Hasselblad X1D vs Sony RX10 III
The Hasselblad X1D-50c and the Sony Cyber-shot DSC-RX10 III are two digital cameras that were announced, respectively, in June 2016 and March 2016. The X1D is a mirrorless interchangeable lens camera, while the RX10 III is a fixed lens compact. The cameras are based on a medium format (X1D) and an one-inch (RX10 III) sensor. The Hasselblad has a resolution of 51.3 megapixels, whereas the Sony provides 20 MP. Read on to find out how these two cameras compare with respect to their body size, their sensors, their features, their input-output connections, and their reception by expert reviewers.
|Hasselblad X1D||Sony RX10 III|
|Mirrorless system camera||Fixed lens compact camera|
|Hasselblad X mount lenses||24-600mm f/2.4-4.0|
|51.3 MP, Medium Format Sensor||20 MP, 1" Sensor|
|1080/25p Video||4K/30p Video|
|ISO 100-25600||ISO 100-12800 (64-25600)|
|Electronic viewfinder (2360k dots)||Electronic viewfinder (2359k dots)|
|3.0" LCD, 920k dots||3.0" LCD, 1229k dots|
|Fixed touchscreen||Tilting screen (not touch-sensitive)|
|2.3 shutter flaps per second||14 shutter flaps per second|
|Weathersealed body||Weathersealed body|
|150 x 98 x 71 mm, 725 g||133 x 94 x 127 mm, 1051 g|
Body comparison: Hasselblad X1D vs Sony RX10 III
The side-by-side display below illustrates the physical size and weight of the Hasselblad X1D and the Sony RX10 III. The two cameras are presented according to their relative size. Three consecutive perspectives from the front, the top, and the back are available. All size dimensions are rounded to the nearest millimeter.
If the front view area (width x height) of the cameras is taken as an aggregate measure of their size, the Sony RX10 III is notably smaller (15 percent) than the Hasselblad X1D. In this context, it is worth noting that both cameras are splash and dust-proof and can, hence, be used in inclement weather conditions or harsh environments.
The above size and weight comparisons are to some extent incomplete and possibly misleading, as the RX10 III has a lens built in, whereas the X1D is an interchangeable lens camera that requires a separate lens. Attaching the latter will add extra weight and bulk to the setup.
The power pack in the RX10 III can be charged via the USB port, which can be very convenient when travelling.
The table below summarizes the key physical specs of the two cameras alongside a broader set of comparators. If you want to switch the focus of the display and review another camera pair, just select a new right or left comparator from among the camera models in the table. Alternatively, you can also move across to the CAM-parator tool and choose from the broad selection of possible camera comparisons there.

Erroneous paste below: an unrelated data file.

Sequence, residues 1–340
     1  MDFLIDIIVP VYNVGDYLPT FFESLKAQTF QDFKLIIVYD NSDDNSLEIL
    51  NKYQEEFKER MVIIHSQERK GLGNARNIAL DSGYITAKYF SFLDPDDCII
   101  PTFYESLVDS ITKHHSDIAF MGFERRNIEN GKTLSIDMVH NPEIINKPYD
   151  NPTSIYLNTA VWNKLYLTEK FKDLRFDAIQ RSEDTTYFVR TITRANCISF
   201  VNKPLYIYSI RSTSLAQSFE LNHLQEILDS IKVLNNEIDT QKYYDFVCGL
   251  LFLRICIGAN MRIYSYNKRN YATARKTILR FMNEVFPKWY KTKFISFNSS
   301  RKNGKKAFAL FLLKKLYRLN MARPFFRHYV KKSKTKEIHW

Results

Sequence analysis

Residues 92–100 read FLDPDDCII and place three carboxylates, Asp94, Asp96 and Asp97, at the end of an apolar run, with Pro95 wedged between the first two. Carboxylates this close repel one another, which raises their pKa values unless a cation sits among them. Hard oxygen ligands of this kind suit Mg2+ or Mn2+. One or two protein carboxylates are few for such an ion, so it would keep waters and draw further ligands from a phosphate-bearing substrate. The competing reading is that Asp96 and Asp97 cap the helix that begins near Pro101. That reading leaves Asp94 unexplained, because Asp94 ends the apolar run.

|Hasselblad X1D»||5.9 in||3.9 in||2.8 in||25.6 oz||..||Y||Jun 2016||8,995||Hasselblad X1D|
|Sony RX10 III«||5.2 in||3.7 in||5.0 in||37.1 oz||420||Y||Mar 2016||1,499||Sony RX10 III|
|Canon 6D Mark II« »||5.7 in||4.4 in||3.0 in||27.0 oz||1200||Y||Jun 2017||1,999||Canon 6D Mark II|
|Canon 5DS« »||6.0 in||4.6 in||3.0 in||32.8 oz||700||Y||Feb 2015||3,699||Canon 5DS|
|Canon 5DS R« »||6.0 in||4.6 in||3.0 in||32.8 oz||700||Y||Feb 2015||3,699||Canon 5DS R|
|Fujifilm GFX 50S« »||5.8 in||3.7 in||3.6 in||26.1 oz||400||Y||Sep 2016||6,499||Fujifilm GFX 50S|
|Leica SL« »||5.8 in||4.1 in||1.5 in||29.9 oz||400||Y||Oct 2015||7,450||Leica SL|
|Nikon D7500« »||5.4 in||4.1 in||2.9 in||25.4 oz||950||Y||Apr 2017||1,299||Nikon D7500|
|Nikon D850« »||5.7 in||4.9 in||3.1 in||35.5 oz||1840||Y||Jul 2017||3,299||Nikon D850|
|Nikon D7200« »||5.4 in||4.2 in||3.0 in||27.0 oz||1110||Y||Mar 2015||1,199||-||Nikon D7200|
|Pentax 645Z« »||6.1 in||4.6 in||4.8 in||54.7 oz||650||Y||Apr 2014||8,499||Pentax 645Z|
|Sony RX10 IV« »||5.2 in||3.7 in||5.7 in||38.6 oz||400||Y||Sep 2017||1,699||Sony RX10 IV|
|Sony RX100 V« »||4.0 in||2.3 in||1.6 in||10.5 oz||220||n||Oct 2016||999||Sony RX100 V|
|Sony A7R II« »||5.0 in||3.8 in||2.4 in||22.0 oz||290||Y||Jun 2015||3,199||-||Sony A7R II|
|Sony RX10 II« »||5.1 in||3.5 in||4.0 in||28.7 oz||400||Y||Jun 2015||1,299||-||Sony RX10 II|
|Sony RX100 IV« »||4.0 in||2.3 in||1.6 in||10.5 oz||280||n||Jun 2015||999||-||Sony RX100 IV|
|Sony RX10« »||5.1 in||3.5 in||4.0 in||28.7 oz||420||Y||Oct 2013||1,299||-||Sony RX10|
Any camera decision will naturally be influenced heavily by the price. The retail prices at the time of the camera’s release place the model in the market relative to other models in the producer’s line-up and the competition. The RX10 III was launched at a lower price than the X1D, despite having a lens built in. Normally, street prices remain initially close to the MSRP, but after a couple of months, the first discounts appear. Later in the product cycle and, in particular, when the replacement model is about to appear, further discounting and stock clearance sales often push the camera price considerably down. Then, after the new model is out, very good deals can frequently be found on the pre-owned market.
Sensor comparison: Hasselblad X1D vs Sony RX10 III
The imaging sensor is at the core of digital cameras and its size is one of the main determining factors of image quality. A large sensor will generally have larger individual pixels that offer better low-light sensitivity, provide wider dynamic range, and have richer color-depth than smaller pixels in a sensor of the same technological generation. Further, a large sensor camera will give the photographer additional creative options when using shallow depth-of-field to isolate a subject from its background. On the downside, larger sensors tend to be associated with larger, more expensive camera bodies and lenses.